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  • Writer's pictureDave Veale

Employees: Paramount for Any Business

Updated: Sep 23, 2021


Photo of Mario Caissie: Kate Braydon/Telegraph-Journal Archive   Published August 12, 2010 in the Telegraph Journal

Dave Veale’s interview with Mario Caissie, VP Operations for Imperial Manufacturing Group as part of the Leadership Unleashed series of interviews with leaders.

We chatted about the importance of leadership, running a family business alongside his father who founded the business in 1979, and his journey to discovering how he could best lead the organization.

Mario Caissie is Vice-President of Operations for Imperial Manufacturing Group (IMG), a manufacturing firm that supplies wholesale and retail markets with HVAC products – Heating, Ventilation, and Air Conditioning. It’s customers include Lowe’s, Home Depot, Kent Building Supplies, Home Hardware and Canadian Tire. The company has  600 employees and offices in Halifax, Dieppe, Richibucto, Montreal, Toronto and St. Louis. I spoke with Mario at his Dieppe office. I started our conversation by asking Mario what qualities he thinks are most important in a Vice-President at IMG.

A: Being humble, I don’t take a lot of credit for what my team does. I have a lot of really good people in specific areas and if I try to steal their credit I won’t have a team for very long.  I try to make sure people get the perks of doing a good job and if they need some help I try to focus my attention on coaching and mentoring them.

Q: You’re a successful guy, very well-educated. Does humility come naturally or was it learned?

A: It was learned. After you graduate from university you think you know pretty much everything. I took on a great deal of responsibility right out of school and made a lot of mistakes. I was trying to find myself as a leader in our business and we had a lot of different types of leaders here: the charismatic people, the transactional people (you know, ‘you do well I pay you, you do poorly you’re fired’). I had a hard time finding where I fit in. I asked my father if I could leave the business and do my MBA. I knew I needed to find myself if I wanted to be both a leader and a business person. He said, ‘yeah, I think it’s a great thing.’ During the second year of my MBA there was a professor [who taught] strategic management and helped me to start thinking about the importance of leadership style and my core values.

I also read a book by Ken Blanchard called Lead like Jesus. I read it and I thought, ‘what a great concept.’ I know mixing religion and business is kind of taboo, but you don’t have to be a religious person to get the concept of servant leadership and I thought, ‘what a great way to lead.’ I brought this philosophy in [to the business] and it’s worked great so far.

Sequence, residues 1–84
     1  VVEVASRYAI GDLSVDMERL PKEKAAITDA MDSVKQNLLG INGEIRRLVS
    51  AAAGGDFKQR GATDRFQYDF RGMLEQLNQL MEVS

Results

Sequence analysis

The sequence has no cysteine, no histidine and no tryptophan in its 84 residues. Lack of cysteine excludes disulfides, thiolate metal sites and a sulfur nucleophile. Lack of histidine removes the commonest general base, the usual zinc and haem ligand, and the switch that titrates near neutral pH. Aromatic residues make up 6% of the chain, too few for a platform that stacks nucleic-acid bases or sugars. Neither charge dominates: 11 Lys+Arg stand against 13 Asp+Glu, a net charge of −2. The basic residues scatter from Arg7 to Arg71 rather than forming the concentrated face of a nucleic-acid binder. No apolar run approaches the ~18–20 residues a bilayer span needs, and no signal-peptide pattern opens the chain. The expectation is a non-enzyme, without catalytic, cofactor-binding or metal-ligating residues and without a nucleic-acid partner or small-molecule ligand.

Q: So the professor and the book really influenced how you wanted to lead?

A: Yes. There was a time when there were more employees than jobs and maybe it was easy [for employers] to not treat people as well as they should. Now, employees are paramount for any business and you have to treat them with respect and listen and support them.

Q: Can you give me an example of how you use this approach when you work with your team?

A: Sure. I try to have regular meetings with all of my staff. Some are in St. Louis or Montreal and I try to get there as much as I can. When I sit down with them it’s not to tell them what we need to do. It’s listening, asking questions and getting an open dialogue with people.

Q: Tell me a little bit about how you encourage people to think creatively.

A: The biggest thing is just asking questions. For example, ‘If you had unlimited resources what would you do?’ It gets people thinking and they usually come up with a solution themselves. So they not only find the solutions, they get the credit and their team gets the credit, not the VP or the people in the Ivory towers.

Q: What did your people think about ‘servant’ leadership when you introduced it?

A: I don’t think one person had heard of it.

Q: Did you feel you were taking a big risk?

A: I don’t think it was a big risk – people wanted change. We were tired of our ways here, tired of the high turnover, tired of the executive style at the time, which was seen as leaders who were untouchable.

I brought the staff into a boardroom in Moncton, and we had a great two-day session. We went through every different style of leadership and had the team identify the strengths and weaknesses of each style. [Then we asked] which one do you folks think works the best? Everybody started laughing…’you already know the answer’.

Q: When you started to shift the style of leadership people were used to were there bumps along the way?

A: Absolutely. Probably the biggest bump was that my style is different from my father’s style.

Q: How do you accommodate the two different styles of leadership?

A: For the most part it’s been great. My father is open to change. He knows he can’t run the business like he used to run it 25 years ago. He’s been supportive. We’re completely different but I respect his strengths. I could not have built what he built, that’s a given. His entrepreneurial drive, his energy, his passion for the business and the customers is unmatched by anybody I’ve ever seen in the industry. We complement each other exceptionally well and I think that’s why we’re growing so fast. In terms of me managing both the people and the operations, it’s probably never run so well. In terms of managing sales and growing the business, he’s doing that part of it and it’s been outstanding.

Dave Veale is a business and leadership coach and founder of Vision Coaching Inc. in Saint John. Email Dave at or follow him on twitter @dave_veale. Don’t miss any of Dave’s interviews with leaders…get blog updates in your inbox by signing up over here, at the top of the right column ==>

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